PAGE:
Over the last ten years or so, the world of Japanese animation has been a state of transition. While the traditional television industry has begun to fail the industry, film continues to be something of a financial challenge. Production costs prevent most studios from reaching the level of technological quality seen in other parts of the world. However, Japan does still see plenty of accomplishments from the writing and directorial realms of animation, and one of its rising stars is Mamoru Hosoda.
The director of the acclaimed The Girl Who Leapt Through Time firmly established himself as a member of the young vanguard of anime with the beloved Summer Wars. Now adapted into a graphic novel set, Hosoda’s Summer Wars is rendered in black and white by veteran comic artist Iqura Sugimoto (Variante). Iqura takes Hosoda’s vision and realizes it in a way that can only work in a comic, free of the budgetary restrictions of animation and also allowing for more perspectives and points of view as it can be visualized from the eyes of different characters in and out of the virtual world.
So why not relive one of the more beloved animated movies in recent memory. Take a trip to Ueda and join Kenji as he infiltrates the Jinnouchi clan in this two volume adaptation of Mamoru Hosoda’s Summer Wars.
Over the years, Vertical has consistently challenged the North American manga market with eclectic and significant graphic works from Japan. Having such luminaries as Tezuka, Takemiya and Kon under our umbrella has set us apart from the rest as the vanguard for quality. Now it is becoming clear to us, and to a growing audience that we have uncovered a new challenger, whose latest work is setting a community ablaze with his very personal narrative and surprisingly memorable characters.
Shuzo Oshimi’s The Flowers of Evil snuck up on a large number of people when it made its English language debut in 2012. Now in it’s seventh volume it is poised to shock again, albeit with a new tone and attitude that is more than appropriate to the story’s growth and development throughout its acclaimed run.
In this most recent volume, readers are treated to the climax of this series’ second arc. And upon experiencing its shocking conclusion, we are then introduced to a more modern more familiar setting with a more mature Kasuga now in high school. The tone has changed, as well. But deep inside, waiting for the appropriate moment, is something hot, dark and compelling. Making it one of the most anticipated releases in our growing catalog.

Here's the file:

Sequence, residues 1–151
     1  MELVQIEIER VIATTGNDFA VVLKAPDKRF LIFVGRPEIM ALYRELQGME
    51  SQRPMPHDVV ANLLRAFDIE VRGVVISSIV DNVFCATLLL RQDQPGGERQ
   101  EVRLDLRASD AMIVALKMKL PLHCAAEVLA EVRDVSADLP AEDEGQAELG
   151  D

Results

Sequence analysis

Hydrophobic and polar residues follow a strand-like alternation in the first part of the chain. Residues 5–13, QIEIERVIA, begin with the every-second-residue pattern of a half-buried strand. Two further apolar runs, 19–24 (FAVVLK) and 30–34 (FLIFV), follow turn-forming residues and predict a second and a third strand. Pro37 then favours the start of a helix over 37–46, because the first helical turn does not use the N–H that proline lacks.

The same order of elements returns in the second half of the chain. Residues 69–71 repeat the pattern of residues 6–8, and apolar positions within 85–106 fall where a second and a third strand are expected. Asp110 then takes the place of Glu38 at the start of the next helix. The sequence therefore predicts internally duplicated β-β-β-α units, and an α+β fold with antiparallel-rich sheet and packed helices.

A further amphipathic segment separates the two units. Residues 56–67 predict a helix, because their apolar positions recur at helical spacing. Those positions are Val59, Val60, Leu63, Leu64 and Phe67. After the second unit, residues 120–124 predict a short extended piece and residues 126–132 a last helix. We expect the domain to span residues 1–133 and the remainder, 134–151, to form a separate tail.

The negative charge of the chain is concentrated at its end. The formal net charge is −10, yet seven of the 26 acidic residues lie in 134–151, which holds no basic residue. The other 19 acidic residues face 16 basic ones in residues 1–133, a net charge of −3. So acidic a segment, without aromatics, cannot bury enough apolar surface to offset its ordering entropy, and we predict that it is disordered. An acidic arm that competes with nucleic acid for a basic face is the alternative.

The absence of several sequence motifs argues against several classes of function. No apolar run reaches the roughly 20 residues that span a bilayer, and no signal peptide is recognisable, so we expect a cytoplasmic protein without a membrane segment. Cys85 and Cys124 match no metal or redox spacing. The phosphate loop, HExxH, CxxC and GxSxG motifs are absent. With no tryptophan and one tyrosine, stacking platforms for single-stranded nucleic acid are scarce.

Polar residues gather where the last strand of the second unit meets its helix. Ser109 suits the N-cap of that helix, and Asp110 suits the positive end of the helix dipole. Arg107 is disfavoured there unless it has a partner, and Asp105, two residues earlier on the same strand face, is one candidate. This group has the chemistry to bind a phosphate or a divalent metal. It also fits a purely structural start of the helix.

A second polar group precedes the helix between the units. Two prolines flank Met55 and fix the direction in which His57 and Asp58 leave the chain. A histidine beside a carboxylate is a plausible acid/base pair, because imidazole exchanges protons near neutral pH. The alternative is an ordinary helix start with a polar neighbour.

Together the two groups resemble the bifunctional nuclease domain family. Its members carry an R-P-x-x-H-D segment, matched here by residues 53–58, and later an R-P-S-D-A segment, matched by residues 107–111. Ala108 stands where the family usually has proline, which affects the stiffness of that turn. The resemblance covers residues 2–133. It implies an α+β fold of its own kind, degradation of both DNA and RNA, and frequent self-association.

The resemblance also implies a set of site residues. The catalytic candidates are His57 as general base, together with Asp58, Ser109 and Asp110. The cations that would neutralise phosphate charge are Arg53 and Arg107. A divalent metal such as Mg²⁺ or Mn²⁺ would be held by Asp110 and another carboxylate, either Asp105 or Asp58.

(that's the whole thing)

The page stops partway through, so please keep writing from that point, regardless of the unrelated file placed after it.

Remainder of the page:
In the realm of manga, few translated comics have taken on the human condition. Concepts of despair, solitude, and regret are often ignored in favor of ideas like violence, lust and adventure. Manga like most media is often looked at for catharsis and particularly in the world of translated comics, they are aimed at an often impressionable youth audience.
Takahiro Seguchi’s Sickness Unto Death challenges those beliefs. His two-part story pulls back the curtain on a culture that is often seen to be consumed by despair – modern day Japan. Japan’s relationship with suicide and isolation is well documented and can often be seen exhibited even in the business and political realms. And Seguchi reveals his take on the topic, through the writings of Hikaru Asada and Soren Kierkegaard, to present a case where a young woman full of potential and life, can fall prey to doubt as she finds her sense of hope dashed.
Emiru may appear to be a delicate flower; a frail beauty with a mysterious aura to her. But something dark has consumed this young, once award-winning violinist. With the help of a young psych student, readers are allowed to see the what lurks inside her. And what has developed her unique sickness.
Subtle, dark and thoughtful, Sickness Unto Death is a harrowing tale of what it is like to truly lose it all.